Larry Jordan: We’ve got Canada drone rules, new lenses from Sigma, what’s next?
James DeRuvo: Oculus has finally seen the light and they’ve announced that they’re going to be putting out low cost virtual reality goggles, loosely based on their Santa Cruz prototype which offers wireless virtual reality control without the need of a supporting computer. The price will be around $200, but at that price it won’t have positional tracking so it’s going to be a non-starter for video gaming.
Larry Jordan: Oculus has struggled before. What do you think the outcome of this new version of their goggles will be?
James DeRuvo: With low cost virtual reality becoming a trend, Oculus had struggled with its high price tag and performance requirements. They were in danger of falling behind in a genre they had blazed a trail in. But should this new prototype come to market, it would make relying on your cell phone for true virtual reality a thing of the past and I think that’s what they’re hoping for.
Larry Jordan: What are some of the other stories we’re watching this week?
James DeRuvo: Other stories this week include my review of GoPro’s Omni 360 camera platform. How the producers of Baby Driver were able to edit the film on the set as it was made, and if you’re trying to decide which drone to buy, there’s a guide for that.
Larry Jordan: And where can go on the web to keep up with all this latest news?
James DeRuvo: These stories and more can be found at doddlenews.com.
Larry Jordan: James DeRuvo is the senior writer at Doddlenews.com and James, thanks for joining us today.
James DeRuvo: Alright Larry, I’m off to San Diego for Comic-Con, have a good week.
Larry Jordan: Have a great time, take care.
Larry Jordan: Here’s another website I want to introduce you to. Doddlenews.com. DoddleNEWS gives you a portal into the broadcast, video and film industries. It’s a leading online resource, presenting news, reviews and products for the film and video industry. DoddleNEWS also offers a resource guide and crew management platforms specifically designed for production. These digital call sheets, along with their app, directory and premium listings, provide in depth organizational tools for busy production professionals. DoddleNEWS is a part of the Thalo Arts Community, a worldwide community of artists, film makers and story tellers. From photography to film making, performing arts to fine arts, and everything in between, Thalo is filled with resources you need to succeed. Whether you want the latest industry news, need to network with other creative professionals or require state of the art online tools to manage your next project, there’s only one place to go. Doddlenews.com.
Larry Jordan: Michele Yamazaki is the VP of marketing at Toolfarm, a company that specializes in plug ins and effects for video editors. She has written or co-written two books on plug ins as well as becoming the go-to person on software and plug ins for our editing systems. Hello Michele, welcome back.
Michele Yamazaki: Thank you very much.
Larry Jordan: Tonight we’re looking at visual effects, so to get us started, how would you define what visual effects are?
Michele Yamazaki: I would just say that it’s anything that’s created on screen. There’s practical effects and then there are computer generated effects, things like explosions and particles and things that aren’t necessarily on set when you’re shooting that are added, although practical effects are added during shooting, if that makes sense? I’m sure everybody out there knows what visual effects are anyway.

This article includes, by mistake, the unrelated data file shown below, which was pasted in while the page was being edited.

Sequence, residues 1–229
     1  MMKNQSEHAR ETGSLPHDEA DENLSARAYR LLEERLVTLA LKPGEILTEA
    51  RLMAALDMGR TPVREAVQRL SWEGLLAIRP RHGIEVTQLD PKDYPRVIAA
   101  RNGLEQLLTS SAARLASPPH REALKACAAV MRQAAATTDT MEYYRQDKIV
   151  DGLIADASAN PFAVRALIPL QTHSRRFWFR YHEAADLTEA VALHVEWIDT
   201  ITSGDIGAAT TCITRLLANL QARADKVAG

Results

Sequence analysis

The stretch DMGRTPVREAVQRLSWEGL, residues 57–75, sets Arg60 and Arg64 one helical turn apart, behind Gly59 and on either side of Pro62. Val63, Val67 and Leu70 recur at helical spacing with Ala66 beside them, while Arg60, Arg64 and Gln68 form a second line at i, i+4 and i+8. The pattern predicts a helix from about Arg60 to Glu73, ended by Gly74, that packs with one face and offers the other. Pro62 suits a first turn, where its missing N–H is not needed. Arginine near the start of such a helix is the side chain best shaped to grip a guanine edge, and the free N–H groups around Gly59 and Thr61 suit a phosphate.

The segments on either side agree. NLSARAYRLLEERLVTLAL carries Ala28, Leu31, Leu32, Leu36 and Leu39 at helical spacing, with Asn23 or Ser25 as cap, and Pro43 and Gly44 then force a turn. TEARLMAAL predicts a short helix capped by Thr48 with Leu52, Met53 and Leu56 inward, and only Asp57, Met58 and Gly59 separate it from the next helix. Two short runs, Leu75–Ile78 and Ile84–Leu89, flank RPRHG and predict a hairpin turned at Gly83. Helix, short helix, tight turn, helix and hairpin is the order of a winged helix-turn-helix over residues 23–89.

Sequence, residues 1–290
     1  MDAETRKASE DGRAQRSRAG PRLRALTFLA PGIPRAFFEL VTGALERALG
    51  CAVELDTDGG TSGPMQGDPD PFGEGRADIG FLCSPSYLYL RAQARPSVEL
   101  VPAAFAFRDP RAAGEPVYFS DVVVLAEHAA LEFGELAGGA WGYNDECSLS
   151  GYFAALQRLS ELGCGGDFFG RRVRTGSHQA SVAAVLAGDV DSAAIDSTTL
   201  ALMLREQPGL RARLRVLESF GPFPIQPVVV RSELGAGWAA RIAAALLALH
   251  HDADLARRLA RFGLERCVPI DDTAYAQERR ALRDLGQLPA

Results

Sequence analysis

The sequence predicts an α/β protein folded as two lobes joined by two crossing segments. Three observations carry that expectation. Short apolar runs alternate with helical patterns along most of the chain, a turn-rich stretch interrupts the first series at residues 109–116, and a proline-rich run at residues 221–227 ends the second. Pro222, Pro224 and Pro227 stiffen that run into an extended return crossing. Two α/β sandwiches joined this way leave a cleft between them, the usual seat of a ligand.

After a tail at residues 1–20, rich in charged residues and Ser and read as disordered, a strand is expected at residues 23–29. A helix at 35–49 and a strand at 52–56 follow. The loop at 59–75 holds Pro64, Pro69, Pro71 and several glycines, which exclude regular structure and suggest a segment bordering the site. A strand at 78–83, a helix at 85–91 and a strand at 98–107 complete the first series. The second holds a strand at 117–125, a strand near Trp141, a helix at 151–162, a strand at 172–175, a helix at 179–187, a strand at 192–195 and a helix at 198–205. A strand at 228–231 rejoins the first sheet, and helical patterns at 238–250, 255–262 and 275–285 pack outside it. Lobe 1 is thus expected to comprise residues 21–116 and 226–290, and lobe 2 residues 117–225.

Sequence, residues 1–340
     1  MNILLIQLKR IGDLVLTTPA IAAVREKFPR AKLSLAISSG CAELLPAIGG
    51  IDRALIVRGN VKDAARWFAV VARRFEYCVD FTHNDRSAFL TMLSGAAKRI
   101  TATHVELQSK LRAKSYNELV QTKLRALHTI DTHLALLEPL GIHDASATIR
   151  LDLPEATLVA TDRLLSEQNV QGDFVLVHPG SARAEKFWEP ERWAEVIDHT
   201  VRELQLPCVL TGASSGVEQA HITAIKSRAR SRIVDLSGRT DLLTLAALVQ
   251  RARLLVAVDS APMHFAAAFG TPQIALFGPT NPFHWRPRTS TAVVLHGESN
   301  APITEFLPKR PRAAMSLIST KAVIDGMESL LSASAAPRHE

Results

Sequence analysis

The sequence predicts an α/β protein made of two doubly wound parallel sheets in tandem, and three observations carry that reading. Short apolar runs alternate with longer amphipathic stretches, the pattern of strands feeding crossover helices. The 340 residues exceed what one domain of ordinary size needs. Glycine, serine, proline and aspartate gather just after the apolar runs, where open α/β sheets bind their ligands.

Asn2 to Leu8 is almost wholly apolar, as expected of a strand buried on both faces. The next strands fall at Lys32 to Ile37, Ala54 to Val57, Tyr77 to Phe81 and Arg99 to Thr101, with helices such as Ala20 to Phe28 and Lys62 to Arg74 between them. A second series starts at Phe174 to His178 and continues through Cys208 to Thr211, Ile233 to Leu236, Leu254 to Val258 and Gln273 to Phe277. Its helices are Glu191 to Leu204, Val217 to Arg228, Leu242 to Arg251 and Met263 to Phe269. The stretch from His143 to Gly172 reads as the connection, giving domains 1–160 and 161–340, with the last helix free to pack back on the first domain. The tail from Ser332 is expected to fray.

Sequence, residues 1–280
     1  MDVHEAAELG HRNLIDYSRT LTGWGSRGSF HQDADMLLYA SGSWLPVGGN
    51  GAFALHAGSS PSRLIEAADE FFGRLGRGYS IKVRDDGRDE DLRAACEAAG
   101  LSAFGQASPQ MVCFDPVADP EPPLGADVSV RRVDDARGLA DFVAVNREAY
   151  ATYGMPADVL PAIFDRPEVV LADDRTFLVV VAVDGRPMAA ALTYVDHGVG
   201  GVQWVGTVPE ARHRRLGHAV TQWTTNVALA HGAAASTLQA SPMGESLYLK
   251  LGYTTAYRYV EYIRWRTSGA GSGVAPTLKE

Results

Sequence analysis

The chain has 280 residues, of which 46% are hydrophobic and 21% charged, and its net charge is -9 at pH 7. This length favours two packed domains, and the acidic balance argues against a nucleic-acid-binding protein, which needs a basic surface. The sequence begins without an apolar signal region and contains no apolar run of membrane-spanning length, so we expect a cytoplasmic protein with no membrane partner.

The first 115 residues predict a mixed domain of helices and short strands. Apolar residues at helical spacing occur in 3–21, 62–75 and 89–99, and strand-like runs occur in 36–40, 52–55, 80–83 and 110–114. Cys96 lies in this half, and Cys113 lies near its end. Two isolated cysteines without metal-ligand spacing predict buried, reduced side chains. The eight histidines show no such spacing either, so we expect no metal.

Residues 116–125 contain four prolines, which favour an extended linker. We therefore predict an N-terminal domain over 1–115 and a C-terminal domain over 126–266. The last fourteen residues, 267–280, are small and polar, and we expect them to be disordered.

Larry Jordan: If not, we will work with your definition until we come up with something better. It seems like in movies today we can’t even have a dialog without adding some sort of effects whether we’re doing a sky replacement or changing the color of somebody’s shirt, or putting them in front of some spaceship in outer space. Are we going overboard? Are effects driving movies more than the story?
Michele Yamazaki: Sometimes. For a while I was really not enjoying all of the superhero films that seemed like endless sequels, but the effects have gotten better in them. They had some weird physics and that kind of thing for a while, and it would speak out to me so much that I would be paying more attention to the bad green screen or whatever instead of paying attention to the story. Some of the movies that I’ve seen lately, I haven’t even done that as much. The new Guardians of the Galaxy, I thought there were things that looked artificial obviously because I think it was pretty much entirely shot on green or blue screen, however, the story was so engaging, you could just get past that.
Larry Jordan: Toolfarm sells all kind of effects from all kinds of different developers, which means you’ve got a better indication of what’s going on in the market than just about anything else. What are some of the trends and effects that you’re paying attention to now?
Michele Yamazaki: Well After Effects is still a very popular product and the plug ins that work in that. Luca, which is also a standalone and works in other products has been really popular. It’s for rotoscoping and planar tracking, so if you’re doing a lot of special effects work you need it. You really can’t live without it. A lot of the bundles are also very popular that have a lot of different effects in them that do anything from particles to keying, to name it, the glows, everything. Boris Continuum Complete has always been really popular and Genart Sapphire is another one, then from Red Giant you have Keying Suite and the Magic Bullet suite and Effects suite and also they have Trapcode suite which has Particular, which has always been one of the most popular effects since it was launched. Video Copilot is another one that’s been super popular. Anything by Video that they put out seems to be the most amazing thing, they’re great products and everybody loves them. Then you have all the 3D stuff too, Cinema 4D and all the products that go along with that. Those are all great tools that are fairly easy to learn overall and are very popular.